Fake Chinese art scam hooks would-be investors
A woman who did not want to be identified looks at the painting "Five Spirited Horses" by Chinese modern-artist Zhou Huang she purchased that turned out to be a fake, in Vancouver, B.C., on Friday July 27, 2012. (THE CANADIAN PRESS/Darryl Dyck)
The Canadian Press
Published Sunday, August 5, 2012 8:22AM EDT
VANCOUVER -- When a woman in British Columbia responded to an ad boasting great deals on art work in a Vancouver-based Chinese buy-and-sell publication, she wasn't doing it to become an art aficionado.
Instead, she was hoping to resell a work by a renowned Chinese contemporary artist to help pay for medical treatment for her chronically ill son. She came out of it feeling like a fool -- an appraiser told her it was fake.
Lee told her story on the condition only her last name be used. She's embarrassed, she said, because she gave the art dealer $3,000, only to end up with what a small claims court concluded were goods worth just $250.
Hugh Bulmer is the director of fine arts and antiques specializing in Asian art for the Vancouver auction house Maynards.
During the last four years, he said he has seen a marked increase in people trying to pass off copies of Chinese artwork as originals in Vancouver.
"The market is full of it," he said.
"And you can guarantee that if something sold for a million dollars in Hong Kong last week, it will be copied and will be on the streets of Vancouver this week."
Lee's son has been in poor health since becoming ill overseas almost a decade ago. She said she sold her house and almost everything she had to pay for his medical care.
So, when the single mother saw an ad claiming unbeatable prices on valuable Chinese art, the eternally optimistic woman's curiosity was aroused and she called the dealer.
She said he was an old man claiming to be a famous Hong Kong architect and gained Lee's trust by asking questions about her life. She told him about her ill child and decimated finances.
Lee said he appeared warm and sympathetic to her troubles. He showed her a painting he said was an original he bought in Hong Kong by renowned artist Huang Zhou.
Huang first gained notoriety during the communist revolution in China and was especially famed for his depictions of the ethnic Uyghur minority, a group who look more Mideastern than east Asian. He died forever remembered as an influential and inspiring artist.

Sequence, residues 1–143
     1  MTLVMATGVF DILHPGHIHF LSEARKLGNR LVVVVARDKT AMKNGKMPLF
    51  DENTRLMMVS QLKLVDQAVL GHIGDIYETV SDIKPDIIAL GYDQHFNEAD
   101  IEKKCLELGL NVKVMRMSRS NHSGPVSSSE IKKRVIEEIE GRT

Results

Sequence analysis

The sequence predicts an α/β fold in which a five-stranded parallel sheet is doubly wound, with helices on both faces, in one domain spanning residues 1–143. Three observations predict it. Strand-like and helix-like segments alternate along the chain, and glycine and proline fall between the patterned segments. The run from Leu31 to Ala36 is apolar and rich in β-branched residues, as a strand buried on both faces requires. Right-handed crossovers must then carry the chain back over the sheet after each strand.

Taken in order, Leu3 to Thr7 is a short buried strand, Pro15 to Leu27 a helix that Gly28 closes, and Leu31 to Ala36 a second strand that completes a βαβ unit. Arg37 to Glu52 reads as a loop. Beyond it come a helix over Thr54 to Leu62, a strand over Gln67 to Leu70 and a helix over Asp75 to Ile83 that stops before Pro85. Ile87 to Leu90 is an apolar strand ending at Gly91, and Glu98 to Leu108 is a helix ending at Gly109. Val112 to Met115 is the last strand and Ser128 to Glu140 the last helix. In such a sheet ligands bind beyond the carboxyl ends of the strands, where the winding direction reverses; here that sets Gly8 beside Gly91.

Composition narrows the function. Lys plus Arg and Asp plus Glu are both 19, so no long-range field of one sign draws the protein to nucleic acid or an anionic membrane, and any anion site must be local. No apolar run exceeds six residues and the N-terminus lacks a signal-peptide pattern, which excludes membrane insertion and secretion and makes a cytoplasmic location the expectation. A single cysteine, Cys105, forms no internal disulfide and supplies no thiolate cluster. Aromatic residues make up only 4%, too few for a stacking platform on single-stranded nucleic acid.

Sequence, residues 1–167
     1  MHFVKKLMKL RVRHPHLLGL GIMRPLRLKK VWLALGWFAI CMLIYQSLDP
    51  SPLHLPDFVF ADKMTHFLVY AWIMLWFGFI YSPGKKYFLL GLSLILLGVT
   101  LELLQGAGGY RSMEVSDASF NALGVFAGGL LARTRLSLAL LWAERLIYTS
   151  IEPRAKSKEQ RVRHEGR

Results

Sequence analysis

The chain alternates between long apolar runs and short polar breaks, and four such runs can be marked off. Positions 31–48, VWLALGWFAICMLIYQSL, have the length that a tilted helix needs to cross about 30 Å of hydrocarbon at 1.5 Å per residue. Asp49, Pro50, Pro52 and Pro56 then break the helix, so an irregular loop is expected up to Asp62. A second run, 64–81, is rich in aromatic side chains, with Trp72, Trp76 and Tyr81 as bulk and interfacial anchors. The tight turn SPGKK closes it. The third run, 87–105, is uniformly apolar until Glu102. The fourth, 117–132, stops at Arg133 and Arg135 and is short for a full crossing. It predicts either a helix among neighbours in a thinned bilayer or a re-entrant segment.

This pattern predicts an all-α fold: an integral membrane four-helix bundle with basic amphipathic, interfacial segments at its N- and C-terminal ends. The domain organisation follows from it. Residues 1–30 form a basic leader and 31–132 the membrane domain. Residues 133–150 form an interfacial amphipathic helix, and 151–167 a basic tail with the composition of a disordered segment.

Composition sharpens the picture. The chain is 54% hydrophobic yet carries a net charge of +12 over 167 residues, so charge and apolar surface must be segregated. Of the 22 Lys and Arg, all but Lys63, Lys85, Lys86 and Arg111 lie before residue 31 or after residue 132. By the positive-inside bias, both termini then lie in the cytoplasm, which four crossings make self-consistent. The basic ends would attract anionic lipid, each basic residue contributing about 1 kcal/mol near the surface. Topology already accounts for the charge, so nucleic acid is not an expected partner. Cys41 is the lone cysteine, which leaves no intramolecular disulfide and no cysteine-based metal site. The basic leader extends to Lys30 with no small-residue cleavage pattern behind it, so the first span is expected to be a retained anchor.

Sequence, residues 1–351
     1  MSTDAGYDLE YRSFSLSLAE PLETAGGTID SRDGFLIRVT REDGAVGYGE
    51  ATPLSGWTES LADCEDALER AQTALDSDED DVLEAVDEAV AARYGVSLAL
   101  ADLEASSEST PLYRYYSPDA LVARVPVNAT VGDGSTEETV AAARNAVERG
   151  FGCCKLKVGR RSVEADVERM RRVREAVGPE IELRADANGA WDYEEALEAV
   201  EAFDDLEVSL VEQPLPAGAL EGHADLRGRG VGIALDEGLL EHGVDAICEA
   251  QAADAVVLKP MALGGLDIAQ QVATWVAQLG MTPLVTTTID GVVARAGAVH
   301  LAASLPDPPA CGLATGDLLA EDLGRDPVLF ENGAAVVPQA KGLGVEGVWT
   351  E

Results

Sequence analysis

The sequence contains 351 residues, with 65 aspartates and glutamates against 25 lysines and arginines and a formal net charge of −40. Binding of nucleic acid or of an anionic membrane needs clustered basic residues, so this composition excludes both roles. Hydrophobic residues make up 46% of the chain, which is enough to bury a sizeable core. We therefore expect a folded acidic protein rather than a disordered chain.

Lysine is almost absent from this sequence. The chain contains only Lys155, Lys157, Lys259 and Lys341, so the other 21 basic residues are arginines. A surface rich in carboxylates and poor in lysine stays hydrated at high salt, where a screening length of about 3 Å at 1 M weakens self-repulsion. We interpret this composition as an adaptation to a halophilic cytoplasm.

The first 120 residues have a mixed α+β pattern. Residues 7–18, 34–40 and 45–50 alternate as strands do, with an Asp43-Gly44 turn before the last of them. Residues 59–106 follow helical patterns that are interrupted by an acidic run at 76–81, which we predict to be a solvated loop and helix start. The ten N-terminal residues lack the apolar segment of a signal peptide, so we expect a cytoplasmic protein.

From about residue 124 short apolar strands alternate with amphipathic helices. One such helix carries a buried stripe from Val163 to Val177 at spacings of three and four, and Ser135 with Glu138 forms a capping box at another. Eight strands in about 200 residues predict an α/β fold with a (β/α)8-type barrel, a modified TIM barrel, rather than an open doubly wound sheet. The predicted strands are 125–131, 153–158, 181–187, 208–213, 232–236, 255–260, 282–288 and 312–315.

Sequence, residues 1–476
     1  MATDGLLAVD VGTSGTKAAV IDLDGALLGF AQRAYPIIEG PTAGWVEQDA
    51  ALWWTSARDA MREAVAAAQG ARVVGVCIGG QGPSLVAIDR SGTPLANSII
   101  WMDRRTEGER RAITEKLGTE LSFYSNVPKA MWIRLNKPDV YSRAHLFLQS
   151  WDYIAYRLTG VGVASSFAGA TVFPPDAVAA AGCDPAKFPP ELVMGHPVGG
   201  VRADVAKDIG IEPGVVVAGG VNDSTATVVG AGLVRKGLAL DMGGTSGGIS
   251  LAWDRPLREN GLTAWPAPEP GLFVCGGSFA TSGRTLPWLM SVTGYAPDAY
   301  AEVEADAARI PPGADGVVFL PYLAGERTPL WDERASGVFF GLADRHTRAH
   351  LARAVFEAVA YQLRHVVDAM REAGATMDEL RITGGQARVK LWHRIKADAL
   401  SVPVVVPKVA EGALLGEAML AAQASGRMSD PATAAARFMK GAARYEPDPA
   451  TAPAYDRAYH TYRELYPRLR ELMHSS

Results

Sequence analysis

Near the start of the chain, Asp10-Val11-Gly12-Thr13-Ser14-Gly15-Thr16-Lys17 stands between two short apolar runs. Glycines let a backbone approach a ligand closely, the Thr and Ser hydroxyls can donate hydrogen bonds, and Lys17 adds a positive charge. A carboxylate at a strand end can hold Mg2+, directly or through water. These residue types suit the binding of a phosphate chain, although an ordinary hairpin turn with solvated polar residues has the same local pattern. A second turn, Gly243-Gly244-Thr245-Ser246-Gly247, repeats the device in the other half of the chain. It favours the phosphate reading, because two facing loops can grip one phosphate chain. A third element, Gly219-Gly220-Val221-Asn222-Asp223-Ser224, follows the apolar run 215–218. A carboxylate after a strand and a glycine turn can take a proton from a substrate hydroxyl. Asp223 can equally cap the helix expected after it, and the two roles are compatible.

The artist also loved painting animals and Lee said a painting of five donkeys comprised of the seemingly carefree strokes and vibrant use of tones appeared original.
She put down a deposit and, after some Internet research, thought she could resell the painting on an upcoming trip to China for more than three times the price the man was asking.
Lee said she was convinced of the man's honesty and confident the work was authentic. She borrowed $3,000 to buy the painting, along with some vases the man claimed to be more than 100 years old and a supposedly antique Buddha statue.
But, according to a professional appraisal in court documents Lee filed, the painting was a copy and the vases were only about 50 years old.
Lee went back to the dealer's home for a refund and discovered she wasn't alone -- another buyer had arrived at the same time with a fake painting he'd purchased demanding a $5,000 refund.
"The old man said, 'No, no money back," said Lee, adding he kicked her off his property.
"I said 'How come you're 80 years old and still treating people like this?"'
Bulmer said on one day earlier this year alone, he saw 30 pieces and 10 of them were not genuine. He suspects the people unsuccessfully trying to scam him knew what they were doing.
"(It is) people trying to make a quick buck, housewives, someone whose friend's given him these pieces from Hong Kong and is trying to pass them on," said Bulmer.
"I get students from UBC in here who are giving me pieces that supposedly belonged to their grandfather, who was a collector, and I know damn well they were made last week."
Bulmer said when he discovers a piece is a copy, he will tell the seller and offer to sell it clearly listed as a copy -- not an original -- to potential buyers.
He said anyone purchasing art has to do the leg work to ensure they don't have the canvass pulled over their eyes.
People need to check the history of ownership, or provenance, of the work they intend to purchase in order to authenticate it as well as talk to someone who has expertise in the genre.
In April, Lee won a suit against the vendor, named as Wan Lung Tsui in small claims court documents. But he has yet to return the $3,000 for the pieces plus expenses for the court case.
The man has not responded to requests for an interview.
He has been summoned to a payment hearing in September.
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